Author To Publish Unknown ‘Swift’ Text
Published: August 12, 2005 (Issue # 1095)
Previously unpublished erotic passages that where cut out of the first edition of “Gulliver’s Travels” in 1726 are being released in Russia this week, a St. Petersburg publisher says.
Neonilla Samukhina, head of the city’s Soitology Institute, has previously published illustrated works on sex in the office, outdoor sex and a prize-winning edition of the Decameron.
Her “The Erotic Adventures of Lemuel Gulliver,” will be released in Moscow bookstores over this weekend.
The book features the hero of 18th century Irish author Jonathan Swift’s famous satire in physical encounters with tiny Lilliputs — who are only 15 centimeters tall — and in Brobdingnag, which is inhabited by 20-meter giants.
Experts say the work is likely a fake.
Samukhina denies having commissioned the work herself, but admits to not being an expert and that she could be deceived.
The book launch has echoes of the fake Hitler diaries scandal and of the issuing of a new Harry Potter tome.
Samukhina says the work is a translation of original material written by Swift. Its foreword contains an angry complaint purportedly written by the satirist about the mayhem inflicted on his work by the removal of the erotic passages, which were an integral part of the original work.
Samukhina said she had bought the work at great expense, had gone to great lengths to ensure its veracity, and fears that it could be stolen. The manuscript on which the erotic adventures is based is locked in a Geneva bank vault and no copies exist, she said.
Copyright has expired on the work and if she were to print it in English, everyone could copy it to her financial loss, she added.
She intends to donate the manuscript to Britain’s Albert and Victoria Museum, which houses the first edition of “Gulliver’s Travels” of 1726 with Swift’s own corrections, in 20 years, after her expenses for buying the manuscript, paying for professional examinations and storage are recovered.
She is especially wary of showing it in Russia, which has a notorious reputation when it comes to intellectual property. Despite taking measures to maintain secrecy when it was published, news of the work and copies of some pages had leaked out before the launch, she said.
“There is no confidentiality in this country,” she added.
Samukhina said she obtained the manuscript from a descendant of the Karzhavin family, an old Russian merchant dynasty, who lives in Britain.
Under the terms of the purchase, Samukhina was unable to name the seller, she said.
The seller’s ancestor, Fyodor Karzhavin, polyglot and writer, bought the manuscript from the Ford family, whose ancestor was Swift’s friend and Swift’s archive keeper. The text had been obtained by Karzhavin in the 18th century and left with the family in 1917 after the Bolshevik Revolution, she added.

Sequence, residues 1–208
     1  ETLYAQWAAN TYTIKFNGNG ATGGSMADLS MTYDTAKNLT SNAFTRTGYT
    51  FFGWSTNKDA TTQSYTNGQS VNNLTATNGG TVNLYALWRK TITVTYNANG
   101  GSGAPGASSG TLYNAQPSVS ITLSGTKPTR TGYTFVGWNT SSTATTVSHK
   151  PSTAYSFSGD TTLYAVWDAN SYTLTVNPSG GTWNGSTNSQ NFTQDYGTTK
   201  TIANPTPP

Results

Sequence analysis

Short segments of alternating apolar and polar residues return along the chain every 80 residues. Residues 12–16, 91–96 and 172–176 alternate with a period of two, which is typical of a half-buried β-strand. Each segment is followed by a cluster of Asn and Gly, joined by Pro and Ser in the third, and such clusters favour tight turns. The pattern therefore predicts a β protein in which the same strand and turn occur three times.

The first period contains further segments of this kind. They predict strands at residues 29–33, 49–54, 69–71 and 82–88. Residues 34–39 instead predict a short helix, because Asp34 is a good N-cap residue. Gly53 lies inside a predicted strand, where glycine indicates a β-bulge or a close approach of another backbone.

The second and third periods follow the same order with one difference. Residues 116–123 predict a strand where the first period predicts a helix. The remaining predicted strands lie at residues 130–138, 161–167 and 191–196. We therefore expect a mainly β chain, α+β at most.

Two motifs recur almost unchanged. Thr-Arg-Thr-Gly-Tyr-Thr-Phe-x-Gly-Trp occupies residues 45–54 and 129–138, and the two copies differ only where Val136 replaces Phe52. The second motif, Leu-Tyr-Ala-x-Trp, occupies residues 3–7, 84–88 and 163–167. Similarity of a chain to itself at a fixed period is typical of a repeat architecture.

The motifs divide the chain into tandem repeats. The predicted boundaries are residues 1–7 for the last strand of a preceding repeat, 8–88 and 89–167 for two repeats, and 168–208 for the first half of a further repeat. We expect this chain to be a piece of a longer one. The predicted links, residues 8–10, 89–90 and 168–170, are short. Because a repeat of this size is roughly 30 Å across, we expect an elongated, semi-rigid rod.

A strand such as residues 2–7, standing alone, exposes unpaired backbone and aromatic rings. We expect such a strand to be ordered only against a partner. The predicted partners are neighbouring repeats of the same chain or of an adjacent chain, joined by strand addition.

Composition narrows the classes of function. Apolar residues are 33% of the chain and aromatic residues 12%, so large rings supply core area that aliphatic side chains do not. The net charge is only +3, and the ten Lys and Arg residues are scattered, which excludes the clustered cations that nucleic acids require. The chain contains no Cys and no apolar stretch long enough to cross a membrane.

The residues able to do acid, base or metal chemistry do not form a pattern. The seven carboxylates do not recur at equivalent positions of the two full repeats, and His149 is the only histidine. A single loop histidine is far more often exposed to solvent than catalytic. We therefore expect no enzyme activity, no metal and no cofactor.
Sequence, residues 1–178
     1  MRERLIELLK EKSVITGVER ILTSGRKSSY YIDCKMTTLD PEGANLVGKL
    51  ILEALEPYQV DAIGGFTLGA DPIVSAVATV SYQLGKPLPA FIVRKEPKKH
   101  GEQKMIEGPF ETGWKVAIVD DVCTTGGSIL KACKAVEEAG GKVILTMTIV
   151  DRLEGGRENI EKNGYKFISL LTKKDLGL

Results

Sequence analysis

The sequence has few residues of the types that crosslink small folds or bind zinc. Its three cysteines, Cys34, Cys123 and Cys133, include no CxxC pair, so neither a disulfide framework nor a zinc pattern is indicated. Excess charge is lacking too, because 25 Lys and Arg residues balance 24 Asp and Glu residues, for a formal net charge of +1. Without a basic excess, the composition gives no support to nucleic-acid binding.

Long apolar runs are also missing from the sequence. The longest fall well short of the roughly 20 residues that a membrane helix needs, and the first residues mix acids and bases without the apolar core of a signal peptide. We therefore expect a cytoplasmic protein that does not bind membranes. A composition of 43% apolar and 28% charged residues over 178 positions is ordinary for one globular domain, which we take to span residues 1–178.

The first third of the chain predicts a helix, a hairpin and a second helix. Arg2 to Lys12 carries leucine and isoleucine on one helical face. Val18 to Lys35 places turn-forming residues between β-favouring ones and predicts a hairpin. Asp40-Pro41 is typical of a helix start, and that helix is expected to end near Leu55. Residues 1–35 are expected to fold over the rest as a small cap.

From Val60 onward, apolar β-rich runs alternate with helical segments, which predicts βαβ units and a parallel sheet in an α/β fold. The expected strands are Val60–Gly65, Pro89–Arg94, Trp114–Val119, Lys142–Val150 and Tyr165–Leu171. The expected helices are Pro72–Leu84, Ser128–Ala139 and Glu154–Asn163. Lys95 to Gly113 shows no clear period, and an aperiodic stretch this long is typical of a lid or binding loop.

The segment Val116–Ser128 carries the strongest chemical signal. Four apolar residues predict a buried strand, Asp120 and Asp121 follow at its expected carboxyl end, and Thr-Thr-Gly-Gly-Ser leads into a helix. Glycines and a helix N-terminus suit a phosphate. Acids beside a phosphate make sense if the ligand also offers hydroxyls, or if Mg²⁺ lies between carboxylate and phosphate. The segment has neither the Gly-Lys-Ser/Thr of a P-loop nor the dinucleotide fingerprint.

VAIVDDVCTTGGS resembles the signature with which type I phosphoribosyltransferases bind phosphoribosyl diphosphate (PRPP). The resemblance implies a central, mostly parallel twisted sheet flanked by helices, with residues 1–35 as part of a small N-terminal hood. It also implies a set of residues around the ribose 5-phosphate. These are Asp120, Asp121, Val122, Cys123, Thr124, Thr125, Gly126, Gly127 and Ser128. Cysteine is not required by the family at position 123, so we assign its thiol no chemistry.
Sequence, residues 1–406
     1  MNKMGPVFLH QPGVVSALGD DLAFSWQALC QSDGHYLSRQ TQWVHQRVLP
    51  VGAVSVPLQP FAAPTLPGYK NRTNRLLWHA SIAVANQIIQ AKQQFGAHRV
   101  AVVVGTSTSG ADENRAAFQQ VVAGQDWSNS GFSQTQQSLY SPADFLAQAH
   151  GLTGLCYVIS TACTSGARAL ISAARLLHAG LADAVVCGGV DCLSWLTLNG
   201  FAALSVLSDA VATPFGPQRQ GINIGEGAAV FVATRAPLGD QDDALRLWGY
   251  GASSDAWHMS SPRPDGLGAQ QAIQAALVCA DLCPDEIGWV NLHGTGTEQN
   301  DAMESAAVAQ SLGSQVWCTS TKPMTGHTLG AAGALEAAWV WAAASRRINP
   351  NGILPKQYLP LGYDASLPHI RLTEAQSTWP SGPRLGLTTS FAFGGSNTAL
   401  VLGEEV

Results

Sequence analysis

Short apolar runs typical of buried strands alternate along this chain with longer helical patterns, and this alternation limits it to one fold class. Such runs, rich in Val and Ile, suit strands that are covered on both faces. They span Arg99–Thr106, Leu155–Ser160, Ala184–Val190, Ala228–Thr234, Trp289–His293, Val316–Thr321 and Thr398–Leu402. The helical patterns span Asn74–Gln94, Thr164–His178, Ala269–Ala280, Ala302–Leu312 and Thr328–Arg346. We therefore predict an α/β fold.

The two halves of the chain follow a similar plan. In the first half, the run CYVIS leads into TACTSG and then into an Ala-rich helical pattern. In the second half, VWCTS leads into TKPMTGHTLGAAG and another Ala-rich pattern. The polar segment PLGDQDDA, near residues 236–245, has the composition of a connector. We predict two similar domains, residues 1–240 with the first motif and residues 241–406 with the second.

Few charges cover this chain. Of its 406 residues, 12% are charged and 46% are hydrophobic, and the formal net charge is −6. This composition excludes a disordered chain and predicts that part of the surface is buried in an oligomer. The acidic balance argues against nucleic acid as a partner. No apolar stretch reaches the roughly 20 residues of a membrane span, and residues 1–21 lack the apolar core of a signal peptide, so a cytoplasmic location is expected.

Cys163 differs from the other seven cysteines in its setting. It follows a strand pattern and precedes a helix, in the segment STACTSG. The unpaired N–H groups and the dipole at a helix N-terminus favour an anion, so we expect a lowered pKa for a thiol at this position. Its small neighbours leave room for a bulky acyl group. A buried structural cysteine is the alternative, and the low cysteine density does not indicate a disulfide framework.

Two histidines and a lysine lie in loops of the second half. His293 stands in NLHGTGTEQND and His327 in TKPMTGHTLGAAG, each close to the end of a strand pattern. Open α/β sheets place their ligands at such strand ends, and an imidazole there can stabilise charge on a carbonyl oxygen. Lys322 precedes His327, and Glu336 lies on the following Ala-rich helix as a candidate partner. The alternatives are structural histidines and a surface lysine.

The seller had also had some concerns that the British or Irish governments could try to seize the work, Samukhina said.
“When we asked the young man why the manuscript had never been published, he said that we should first read the manuscript. After reading it we realized why the descendant of Karzhavin chose a publishing house that specializes in erotic literature,” Samukhina said. “The manuscript shocked us with its openness and freedom, which few authors in Swift’s time would have risked.”
The text did not bear Swift’s name, but the original “Gulliver’s Travels” was published in great secrecy and even the publisher was unaware who the author was, Samukhina said.
The text was poorly preserved and the text was saved only because in the first part of the 19th century it was carefully copied by one of Fyodor Karzhavin’s descendants. Only 49 pages, written in Swift’s hand, were saved, she said.
Experts on Swift, who she also declined to name on the grounds of wanting to protect them from harm, had examined the manuscript and confirmed it originality. Their inspection included an examination of the ink, the paper, the handwriting and literary allusions with Swift’s known works, she said.
The expert was very cautious, she added.
“He understood that he was risking his own reputation,” she added.
Unnamed publishers had also told Samukhina that the original paper was from the 18th century and that there were no stocks of such paper on which a modern forger could create a new work, she said.
The foreword to the book, supposedly written by Swift as Gulliver, contains the following passages: (translated from Russian into English)
“My reader does not know the real vicissitudes of my so-called escape from Lilliputia. The version, which the reader knows from the published falsification of my adventures, is as far from the truth, as England is far from Lilliputia.